Maria Boustead, who delivered her first order of Po Campo bags to a Chicago bike shop in 2009, was among the first women entrepreneurs to create accessories for city cycling. So perhaps it’s fitting that she is introducing the first bike share bag designed to help riders carry their daily necessities with greater comfort and ease.
I anticipated, even before test-riding the Po Campo Ultimate Bike Share Bag last week, that it would reflect both the attention to detail that Maria has honed through countless iterations of her bag line and her unbridled enthusiasm for the new public transportation option that cities around the country, including New York City, are embracing with gusto.
Maria needs to close out her “stretch” goal on Kickstarter by Thursday, May 29. Click here to help get her over the top!
When the Divvy bike share system was introduced in her hometown of Chicago, Maria says she was inspired to create the new bag after observing that “most people carry their bags on their backs because the front rack doesn’t hold large items very well.”
As a bike share enthusiast and regular user myself, I find that the new, unisex Po Campo bag hits all the marks for improved convenience and a carefree ride. Countless thoughtful features — from the expandable capacity down to reflective details — make traveling by bicycle and then transitioning smoothly to the next activity of the day a breeze.
Constructed of heavy waxed canvas, the bag, which will be available initially in black, contains a polyurethane-coated polyester lining to keep belongings dry in sloppy weather. At a generous 18 in. wide by 12 ¼ in. high by 5 in. deep, the bag easily accommodated my 13-in. computer plus an iPad, multiple file folders and a product sample of a cycling skirt. The interior also contains plenty of pockets to keep essentials organized.
As regular readers of the site know, my personal bete noir is the tight Citi Bike bungee, with which I sometimes struggle. The Po Campo bag comes to the rescue with two vertically oriented elastic bands. I simply lifted the bag into my Citi Bike front rack, looped the bands around the pegs on the front, cinched them with toggles, and the bag was set for take-off. (Users of B-Cycle systems, which are equipped with baskets rather than racks, take note that two Velcro straps on the back of the Po Campo bag secure it to the basket rail.)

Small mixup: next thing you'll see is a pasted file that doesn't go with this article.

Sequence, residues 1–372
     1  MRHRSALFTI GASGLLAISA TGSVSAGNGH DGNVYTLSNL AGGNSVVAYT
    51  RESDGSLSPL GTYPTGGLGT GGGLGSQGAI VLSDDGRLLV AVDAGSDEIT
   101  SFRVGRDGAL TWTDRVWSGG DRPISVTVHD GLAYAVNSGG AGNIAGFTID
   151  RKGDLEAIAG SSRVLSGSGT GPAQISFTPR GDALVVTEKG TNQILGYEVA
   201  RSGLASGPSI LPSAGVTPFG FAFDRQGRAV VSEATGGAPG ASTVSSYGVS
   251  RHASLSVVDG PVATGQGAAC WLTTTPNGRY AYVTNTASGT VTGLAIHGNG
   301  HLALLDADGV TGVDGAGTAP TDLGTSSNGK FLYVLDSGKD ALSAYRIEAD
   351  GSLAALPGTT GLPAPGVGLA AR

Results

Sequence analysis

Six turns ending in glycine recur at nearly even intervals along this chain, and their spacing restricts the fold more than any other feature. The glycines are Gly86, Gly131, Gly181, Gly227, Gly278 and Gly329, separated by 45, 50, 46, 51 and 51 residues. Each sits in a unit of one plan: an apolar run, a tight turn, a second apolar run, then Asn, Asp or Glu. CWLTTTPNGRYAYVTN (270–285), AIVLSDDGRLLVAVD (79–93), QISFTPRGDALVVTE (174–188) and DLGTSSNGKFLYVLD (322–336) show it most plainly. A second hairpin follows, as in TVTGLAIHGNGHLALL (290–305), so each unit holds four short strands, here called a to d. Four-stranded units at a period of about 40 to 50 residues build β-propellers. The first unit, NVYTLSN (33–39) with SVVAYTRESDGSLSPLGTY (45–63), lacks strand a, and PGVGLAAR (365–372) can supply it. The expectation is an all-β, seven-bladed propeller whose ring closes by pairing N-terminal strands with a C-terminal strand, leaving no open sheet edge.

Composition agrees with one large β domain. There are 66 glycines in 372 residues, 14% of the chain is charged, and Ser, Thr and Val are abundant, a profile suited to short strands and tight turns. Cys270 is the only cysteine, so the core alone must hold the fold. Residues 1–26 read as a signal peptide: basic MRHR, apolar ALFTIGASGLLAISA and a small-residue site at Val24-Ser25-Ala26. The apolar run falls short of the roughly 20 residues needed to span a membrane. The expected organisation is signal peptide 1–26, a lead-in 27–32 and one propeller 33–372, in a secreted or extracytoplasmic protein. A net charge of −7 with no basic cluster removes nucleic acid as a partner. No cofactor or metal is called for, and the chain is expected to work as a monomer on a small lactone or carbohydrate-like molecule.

Another favorite feature of mine is the small pocket on the exterior. I’m always reaching for my iPhone to snap photos along my bike route; the pocket keeps it right where I need it for that moment when I’m stopped behind a biker guy who’s toting an adorable dog in his backpack. That pocket is also the location of an integrated key ring that makes it easy to keep track of a bike share membership fob.
Another cool feature is that the bag can be further expanded, say, to accommodate groceries, by unclipping D rings on either side.
When it’s time to dismount, the user can grab the carry handles or sling the bag over a shoulder using the strap that clips on with nickel-plated hardware. Pro tip: Be sure that the D-rings are unclipped; otherwise the bag will tend to tip when used with the strap.
When it comes to quality cycling products by women for women, my rallying cry is: “Hurray for women entrepreneurs!” who continue to focus their creativity on attracting more people to the pleasures and practical benefits of riding bicycles in cities.
Photos: Top, velojoy; bottom, @Po_Campo Instagram